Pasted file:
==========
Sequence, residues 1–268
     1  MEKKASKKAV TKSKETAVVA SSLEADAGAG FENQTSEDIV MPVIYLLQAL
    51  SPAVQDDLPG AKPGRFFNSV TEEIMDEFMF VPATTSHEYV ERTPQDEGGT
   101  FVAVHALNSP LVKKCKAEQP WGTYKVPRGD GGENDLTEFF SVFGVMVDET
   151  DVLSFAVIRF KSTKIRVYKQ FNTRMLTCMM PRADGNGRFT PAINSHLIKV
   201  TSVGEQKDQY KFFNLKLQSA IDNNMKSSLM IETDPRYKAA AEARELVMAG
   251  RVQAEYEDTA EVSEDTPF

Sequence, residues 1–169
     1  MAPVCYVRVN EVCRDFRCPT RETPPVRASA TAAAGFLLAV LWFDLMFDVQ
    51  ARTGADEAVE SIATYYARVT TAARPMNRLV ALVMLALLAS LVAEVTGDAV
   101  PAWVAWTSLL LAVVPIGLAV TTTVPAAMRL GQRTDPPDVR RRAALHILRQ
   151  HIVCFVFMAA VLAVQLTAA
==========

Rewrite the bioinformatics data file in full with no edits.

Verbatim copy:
Sequence, residues 1–268
     1  MEKKASKKAV TKSKETAVVA SSLEADAGAG FENQTSEDIV MPVIYLLQAL
    51  SPAVQDDLPG AKPGRFFNSV TEEIMDEFMF VPATTSHEYV ERTPQDEGGT
   101  FVAVHALNSP LVKKCKAEQP WGTYKVPRGD GGENDLTEFF SVFGVMVDET
   151  DVLSFAVIRF KSTKIRVYKQ FNTRMLTCMM PRADGNGRFT PAINSHLIKV
   201  TSVGEQKDQY KFFNLKLQSA IDNNMKSSLM IETDPRYKAA AEARELVMAG
   251  RVQAEYEDTA EVSEDTPF

Sequence, residues 1–169
     1  MAPVCYVRVN EVCRDFRCPT RETPPVRASA TAAAGFLLAV LWFDLMFDVQ
    51  ARTGADEAVE SIATYYARVT TAARPMNRLV ALVMLALLAS LVAEVTGDAV
   101  PAWVAWTSLL LAVVPIGLAV TTTVPAAMRL GQRTDPPDVR RRAALHILRQ
   151  HIVCFVFMAA VLAVQLTAA